Values in Sex Education: From Principles to Practice

By J. Mark Halstead; Michael J. Reiss | Go to book overview

Chapter 5

Pleasure, recreation, health and well-being

Identifying the good life

What does each of us want from life (Deigh 1995)? This fundamental question is sometimes posed as 'What is the good life?'-though this is to presume that we want to lead good lives, however 'good' is understood. In any event, answers to these two questions can be given at various levels of generalities. At the most general, we might say that we want to lead a life that is fulfilling, or a life that enables us to flourish, or a life that makes us happy, or a life that lets us do what we want to do, or a life where we behave as we believe we ought. Each of these answers overlaps, though each has a different slant. A fulfilling life might suggest a life that enables us to feel that we have filled ourselves with what is on offer-I might find it fulfilling to go on holidays to exotic places to enjoy new experiences. A flourishing life perhaps has connotations of us realising our potential-so that athletes flourish by excelling at their sport, and actors on stage. A happy life implies that our pleasure is maximised-perhaps by having deep friendships and other close relationships. And a life that lets us do what we want to do implies that we value our autonomy-the ability to make decisions for ourselves and then put them into effect.

Books have been written about each of these understandings of the good life-and others besides. Our interest is on the contribution that our sexual activities play in what we get from life. Specifically in this chapter we shall look at the role of sex in pleasure, recreation, health and well-being.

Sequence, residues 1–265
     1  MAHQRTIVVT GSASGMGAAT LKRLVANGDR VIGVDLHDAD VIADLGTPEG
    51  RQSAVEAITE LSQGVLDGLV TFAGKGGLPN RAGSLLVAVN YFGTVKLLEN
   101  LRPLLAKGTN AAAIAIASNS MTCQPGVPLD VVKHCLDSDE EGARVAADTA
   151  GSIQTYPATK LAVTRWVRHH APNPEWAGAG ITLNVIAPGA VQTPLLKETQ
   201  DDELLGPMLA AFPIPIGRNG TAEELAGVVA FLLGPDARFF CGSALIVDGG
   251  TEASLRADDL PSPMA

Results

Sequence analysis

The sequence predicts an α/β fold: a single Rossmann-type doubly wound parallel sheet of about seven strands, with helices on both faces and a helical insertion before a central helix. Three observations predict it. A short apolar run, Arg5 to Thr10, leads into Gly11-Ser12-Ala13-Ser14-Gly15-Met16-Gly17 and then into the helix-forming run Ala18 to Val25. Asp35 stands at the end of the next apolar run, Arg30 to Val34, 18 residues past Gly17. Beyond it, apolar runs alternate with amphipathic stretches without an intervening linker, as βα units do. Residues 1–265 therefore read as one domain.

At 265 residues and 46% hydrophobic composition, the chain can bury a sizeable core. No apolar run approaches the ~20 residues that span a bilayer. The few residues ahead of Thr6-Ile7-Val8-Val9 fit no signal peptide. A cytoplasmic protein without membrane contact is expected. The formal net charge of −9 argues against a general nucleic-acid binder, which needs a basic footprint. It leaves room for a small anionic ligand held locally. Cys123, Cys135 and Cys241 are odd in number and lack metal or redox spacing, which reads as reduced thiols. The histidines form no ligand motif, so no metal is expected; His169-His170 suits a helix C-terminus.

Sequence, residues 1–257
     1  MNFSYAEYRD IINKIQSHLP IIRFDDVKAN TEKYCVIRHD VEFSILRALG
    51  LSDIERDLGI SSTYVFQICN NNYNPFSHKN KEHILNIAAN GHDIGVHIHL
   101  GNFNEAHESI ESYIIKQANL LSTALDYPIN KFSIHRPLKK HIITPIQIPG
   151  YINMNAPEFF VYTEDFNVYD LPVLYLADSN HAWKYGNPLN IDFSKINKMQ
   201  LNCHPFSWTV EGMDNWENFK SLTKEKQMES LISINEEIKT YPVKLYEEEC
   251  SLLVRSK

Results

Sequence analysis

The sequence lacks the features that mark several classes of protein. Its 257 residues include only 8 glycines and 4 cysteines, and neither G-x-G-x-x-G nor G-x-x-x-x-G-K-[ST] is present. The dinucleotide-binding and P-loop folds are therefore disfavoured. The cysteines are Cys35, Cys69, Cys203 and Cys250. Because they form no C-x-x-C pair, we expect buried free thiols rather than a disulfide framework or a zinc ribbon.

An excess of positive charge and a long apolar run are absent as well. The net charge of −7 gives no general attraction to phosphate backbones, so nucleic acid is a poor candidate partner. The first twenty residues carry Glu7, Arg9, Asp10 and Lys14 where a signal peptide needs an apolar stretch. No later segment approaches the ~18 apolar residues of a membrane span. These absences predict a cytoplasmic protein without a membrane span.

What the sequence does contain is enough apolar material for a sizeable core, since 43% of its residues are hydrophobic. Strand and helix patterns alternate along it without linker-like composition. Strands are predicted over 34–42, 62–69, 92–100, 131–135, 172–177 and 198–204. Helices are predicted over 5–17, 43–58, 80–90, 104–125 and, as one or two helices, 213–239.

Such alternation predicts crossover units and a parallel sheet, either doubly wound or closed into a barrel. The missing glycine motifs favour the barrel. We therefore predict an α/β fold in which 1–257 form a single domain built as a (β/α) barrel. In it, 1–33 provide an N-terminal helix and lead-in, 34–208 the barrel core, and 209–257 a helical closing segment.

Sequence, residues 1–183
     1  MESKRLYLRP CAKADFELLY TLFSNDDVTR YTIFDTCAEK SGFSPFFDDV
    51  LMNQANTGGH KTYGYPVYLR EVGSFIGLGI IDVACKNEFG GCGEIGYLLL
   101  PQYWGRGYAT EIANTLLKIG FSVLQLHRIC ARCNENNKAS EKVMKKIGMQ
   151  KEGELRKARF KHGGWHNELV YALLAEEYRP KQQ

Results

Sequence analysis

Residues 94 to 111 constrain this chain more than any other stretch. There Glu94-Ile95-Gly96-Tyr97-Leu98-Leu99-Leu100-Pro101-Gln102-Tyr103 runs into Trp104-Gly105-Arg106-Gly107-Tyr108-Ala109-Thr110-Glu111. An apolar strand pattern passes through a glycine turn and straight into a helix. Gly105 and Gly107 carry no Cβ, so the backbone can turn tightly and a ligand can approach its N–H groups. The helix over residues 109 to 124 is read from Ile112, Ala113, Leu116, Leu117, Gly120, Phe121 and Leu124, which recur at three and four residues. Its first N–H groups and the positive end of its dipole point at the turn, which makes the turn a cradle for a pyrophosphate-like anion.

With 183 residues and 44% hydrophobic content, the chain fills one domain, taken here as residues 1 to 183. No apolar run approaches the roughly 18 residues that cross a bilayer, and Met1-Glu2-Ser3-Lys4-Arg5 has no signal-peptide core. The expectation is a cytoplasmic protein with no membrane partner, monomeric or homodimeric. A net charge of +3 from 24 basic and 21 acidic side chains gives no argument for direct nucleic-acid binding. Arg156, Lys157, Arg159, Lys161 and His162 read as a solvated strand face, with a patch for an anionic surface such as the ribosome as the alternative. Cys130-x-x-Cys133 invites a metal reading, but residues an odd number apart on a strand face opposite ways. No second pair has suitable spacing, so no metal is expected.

But first we need to clarify what we mean by sex or more precisely 'sexual activity'. Producing definitions has its problems but sexual activity can be described-albeit somewhat circularly-as actions involving two (or more) people which at least one of them considers sexual. The advantage of the latter part of this definition is that it would include, for example, an adult inappropriately (i.e. for sexual gratification) caressing a child, even if the child didn't realise that, from the adult's perspective, a sexual motive was involved (or experience being had).

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Values in Sex Education: From Principles to Practice
Table of contents

Table of contents

  • Title Page iii
  • Contents vii
  • Figures ix
  • Acknowledgements x
  • Part 1 1
  • Chapter 1 - Why Values Are Central to Sex Education 3
  • Chapter 2 - Diversity and Change in Sexual Attitudes and Values 15
  • Chapter 3 - Children's Voices and Children's Values 31
  • Part 2 55
  • Chapter 4 - Liberal Values 57
  • Chapter 5 - Pleasure, Recreation, Health and Well-Being 70
  • Chapter 6 - Religious Values 86
  • Chapter 7 - Family Values 107
  • Chapter 8 - Love 120
  • Part 3 135
  • Chapter 9 - Aims for School Sex Education 137
  • Chapter 10 - Frameworks for School Sex Education 154
  • Part 4 169
  • Chapter 11 - Sex Education in the Primary Phase 171
  • Chapter 12 - Sex Education in the Secondary Phase 188
  • References 205
  • Index 227
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